Differentiate & Strengthen Your Brand
Creating a sum of knowledge means taking a stand. When done well, your intended audience will recognize your brand based on the ideas—even if your logo isn’t present. At the pace of change with technology and the fluctuating world conditions (pandemics, politics, climate, economic, etc.) it’s more important to stand for something or risk blending into the blurred background of sameness that permeates most categories.
Think about the Marketing Technology Landscape compiled each year by Scott Brinker – now up to 8,000 solutions. It’s mind boggling. Solution saturation makes marketing and selling even more challenging. It’s hard to rely on technology to differentiate your brand, therefore it’s prudent to focus on thought leadership that builds a sum of knowledge to standout and earn the attention and engagement necessary to drive demand.
Building A Sum of Knowledge is About the Ideas
To gain the above outcomes, your ideas need to resonate with and trigger the curiosity and engagement of your audiences. You can create a sum of knowledge on navel gazing, but if your audience doesn’t care, you’ve wasted your time. (Which is the litmus test, or should be, for all content.)
Building a sum of knowledge is about being (becoming) the top of mind, go-to resource for that subject.
When you set out to build a sum of knowledge, it’s important to ask:
- What does our audience value and want that they aren’t finding elsewhere?
- Where’s the white space or a confused space we can clarify and reorient?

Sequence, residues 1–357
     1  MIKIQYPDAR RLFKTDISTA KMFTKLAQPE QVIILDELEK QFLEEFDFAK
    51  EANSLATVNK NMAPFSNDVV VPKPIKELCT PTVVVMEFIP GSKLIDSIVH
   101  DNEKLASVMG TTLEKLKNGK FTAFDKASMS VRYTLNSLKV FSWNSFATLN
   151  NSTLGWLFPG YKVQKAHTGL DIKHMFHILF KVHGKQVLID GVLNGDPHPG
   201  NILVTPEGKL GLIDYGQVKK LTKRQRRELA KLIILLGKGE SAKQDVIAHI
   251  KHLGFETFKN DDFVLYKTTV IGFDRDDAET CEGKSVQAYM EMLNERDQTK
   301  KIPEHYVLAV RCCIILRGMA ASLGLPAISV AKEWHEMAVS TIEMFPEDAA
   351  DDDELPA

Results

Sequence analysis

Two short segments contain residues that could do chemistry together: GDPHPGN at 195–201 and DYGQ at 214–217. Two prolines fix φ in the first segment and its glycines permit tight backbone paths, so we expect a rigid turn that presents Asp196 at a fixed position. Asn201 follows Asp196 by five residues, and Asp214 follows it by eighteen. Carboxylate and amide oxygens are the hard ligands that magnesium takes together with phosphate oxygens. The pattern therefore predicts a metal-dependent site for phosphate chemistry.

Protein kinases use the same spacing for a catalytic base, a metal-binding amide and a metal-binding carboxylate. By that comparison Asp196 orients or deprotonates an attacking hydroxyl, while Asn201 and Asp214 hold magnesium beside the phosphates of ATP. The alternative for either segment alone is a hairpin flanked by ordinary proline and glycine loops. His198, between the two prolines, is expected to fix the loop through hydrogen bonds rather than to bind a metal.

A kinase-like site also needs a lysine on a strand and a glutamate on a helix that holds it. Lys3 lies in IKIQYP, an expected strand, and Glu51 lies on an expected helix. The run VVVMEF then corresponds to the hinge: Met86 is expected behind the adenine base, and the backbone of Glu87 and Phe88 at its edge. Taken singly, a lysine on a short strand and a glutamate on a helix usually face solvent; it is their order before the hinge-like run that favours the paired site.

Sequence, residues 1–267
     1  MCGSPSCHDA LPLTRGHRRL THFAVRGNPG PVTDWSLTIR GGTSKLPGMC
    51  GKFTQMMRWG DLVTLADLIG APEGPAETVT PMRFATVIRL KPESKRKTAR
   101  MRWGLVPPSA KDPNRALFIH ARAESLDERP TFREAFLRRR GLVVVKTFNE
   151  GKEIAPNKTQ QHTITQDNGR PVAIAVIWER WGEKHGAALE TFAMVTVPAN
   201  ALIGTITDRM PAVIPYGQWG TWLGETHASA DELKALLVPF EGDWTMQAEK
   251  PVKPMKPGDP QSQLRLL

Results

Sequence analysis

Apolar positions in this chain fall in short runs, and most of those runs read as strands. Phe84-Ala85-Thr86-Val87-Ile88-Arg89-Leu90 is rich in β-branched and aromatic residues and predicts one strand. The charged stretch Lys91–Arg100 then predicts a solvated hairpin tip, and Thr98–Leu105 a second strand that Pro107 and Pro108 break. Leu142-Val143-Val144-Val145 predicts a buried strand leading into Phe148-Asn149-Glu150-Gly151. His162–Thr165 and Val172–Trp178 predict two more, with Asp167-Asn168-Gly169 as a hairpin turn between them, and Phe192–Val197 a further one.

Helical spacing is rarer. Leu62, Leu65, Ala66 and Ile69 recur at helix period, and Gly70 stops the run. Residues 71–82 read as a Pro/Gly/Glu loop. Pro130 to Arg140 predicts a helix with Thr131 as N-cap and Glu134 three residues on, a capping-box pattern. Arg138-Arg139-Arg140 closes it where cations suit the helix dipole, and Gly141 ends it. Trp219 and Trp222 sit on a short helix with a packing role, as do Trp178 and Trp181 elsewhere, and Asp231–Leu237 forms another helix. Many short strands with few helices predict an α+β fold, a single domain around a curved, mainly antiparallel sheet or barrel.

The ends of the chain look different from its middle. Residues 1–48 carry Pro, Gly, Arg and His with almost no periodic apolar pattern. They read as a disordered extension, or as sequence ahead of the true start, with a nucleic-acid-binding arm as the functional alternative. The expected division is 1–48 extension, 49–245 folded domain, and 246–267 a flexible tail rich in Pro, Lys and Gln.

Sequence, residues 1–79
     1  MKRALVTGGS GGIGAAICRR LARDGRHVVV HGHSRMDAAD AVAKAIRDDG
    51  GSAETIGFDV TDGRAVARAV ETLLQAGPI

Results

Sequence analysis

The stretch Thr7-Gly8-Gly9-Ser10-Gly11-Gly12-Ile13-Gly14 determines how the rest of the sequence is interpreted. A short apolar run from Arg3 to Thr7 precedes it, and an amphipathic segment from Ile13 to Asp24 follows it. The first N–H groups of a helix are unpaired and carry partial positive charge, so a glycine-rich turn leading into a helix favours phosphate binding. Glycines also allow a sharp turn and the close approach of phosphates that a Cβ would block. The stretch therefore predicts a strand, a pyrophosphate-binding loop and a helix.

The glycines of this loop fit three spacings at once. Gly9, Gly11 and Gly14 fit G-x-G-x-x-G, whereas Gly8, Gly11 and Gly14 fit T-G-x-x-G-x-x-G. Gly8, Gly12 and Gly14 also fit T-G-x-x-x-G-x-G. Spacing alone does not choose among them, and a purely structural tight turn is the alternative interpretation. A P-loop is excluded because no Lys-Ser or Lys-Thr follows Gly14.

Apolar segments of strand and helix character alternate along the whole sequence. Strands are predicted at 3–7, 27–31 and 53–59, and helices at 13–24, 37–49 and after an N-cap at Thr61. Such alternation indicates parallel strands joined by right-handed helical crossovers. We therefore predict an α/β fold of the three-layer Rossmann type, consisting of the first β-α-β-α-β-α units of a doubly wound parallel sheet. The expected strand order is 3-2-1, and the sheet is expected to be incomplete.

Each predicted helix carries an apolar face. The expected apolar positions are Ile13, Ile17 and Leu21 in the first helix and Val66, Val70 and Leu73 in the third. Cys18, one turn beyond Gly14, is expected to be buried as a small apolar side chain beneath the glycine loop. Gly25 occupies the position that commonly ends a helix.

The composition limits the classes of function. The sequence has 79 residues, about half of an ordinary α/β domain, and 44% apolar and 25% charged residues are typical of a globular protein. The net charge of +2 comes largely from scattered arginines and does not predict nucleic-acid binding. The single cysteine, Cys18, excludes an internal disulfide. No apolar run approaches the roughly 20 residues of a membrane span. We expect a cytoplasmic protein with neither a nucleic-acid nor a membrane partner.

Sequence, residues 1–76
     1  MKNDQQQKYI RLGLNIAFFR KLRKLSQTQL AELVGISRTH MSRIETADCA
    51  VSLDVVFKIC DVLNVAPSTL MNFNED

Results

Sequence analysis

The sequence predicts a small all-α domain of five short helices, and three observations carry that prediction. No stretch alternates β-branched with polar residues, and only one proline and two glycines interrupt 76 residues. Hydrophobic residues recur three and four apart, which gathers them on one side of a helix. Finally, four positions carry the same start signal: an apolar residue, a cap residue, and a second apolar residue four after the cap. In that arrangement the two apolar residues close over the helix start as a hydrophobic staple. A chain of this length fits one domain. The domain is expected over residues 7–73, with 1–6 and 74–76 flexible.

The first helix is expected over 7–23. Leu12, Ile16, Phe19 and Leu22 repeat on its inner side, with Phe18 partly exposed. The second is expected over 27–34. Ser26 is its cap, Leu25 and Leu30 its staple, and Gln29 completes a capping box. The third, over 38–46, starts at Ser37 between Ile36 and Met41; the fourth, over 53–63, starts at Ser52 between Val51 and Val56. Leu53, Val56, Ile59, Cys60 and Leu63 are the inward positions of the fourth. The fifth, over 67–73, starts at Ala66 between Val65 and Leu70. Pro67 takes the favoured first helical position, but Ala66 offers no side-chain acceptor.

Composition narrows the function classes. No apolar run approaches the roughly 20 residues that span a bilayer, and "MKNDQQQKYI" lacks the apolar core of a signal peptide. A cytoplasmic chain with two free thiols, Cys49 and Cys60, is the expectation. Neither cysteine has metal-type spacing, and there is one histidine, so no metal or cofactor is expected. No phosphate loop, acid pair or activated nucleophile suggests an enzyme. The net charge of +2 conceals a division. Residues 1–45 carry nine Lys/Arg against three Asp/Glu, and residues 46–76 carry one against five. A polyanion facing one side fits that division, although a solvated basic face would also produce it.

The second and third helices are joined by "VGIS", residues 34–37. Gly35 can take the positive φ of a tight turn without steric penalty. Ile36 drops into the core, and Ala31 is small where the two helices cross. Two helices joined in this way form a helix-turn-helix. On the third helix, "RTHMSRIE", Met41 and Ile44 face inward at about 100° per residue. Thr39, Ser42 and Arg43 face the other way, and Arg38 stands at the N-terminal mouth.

- Which of our SMEs can help us generate new ideas we can use to approach target markets?
- What stake in the ground can we commit to for the long haul?
The reason most companies fail at building a sum of knowledge is because they don’t really know and understand their buyers and customers. This is one approach where having well-done personas is a criterion for success. It’s not about the construct of a “persona” as much as it’s about the depth of insight and understanding you can gather and interpret to drive the initiative.
Another reason brands don’t succeed with the initiative is because they can’t commit for the long term. I see it all the time when companies change their go-to-market based on quarterly themes. This doesn’t mean you have to only talk about that idea, but it does mean that what you talk about should at the least tie to it or be tangential.
Tamsen Webster’s book, Find Your Red Thread, is based on this concept. She defines the red thread as, “the throughline that connects your idea to your audience’s hearts and minds.” Instead of only applying this concept to a keynote or campaign, the concept can be adapted to a body of work that becomes your sum of knowledge.
So, make sure your idea and the foundation for your sum of knowledge is big enough and persistent.
The most important question to answer is, for what do you want to be known?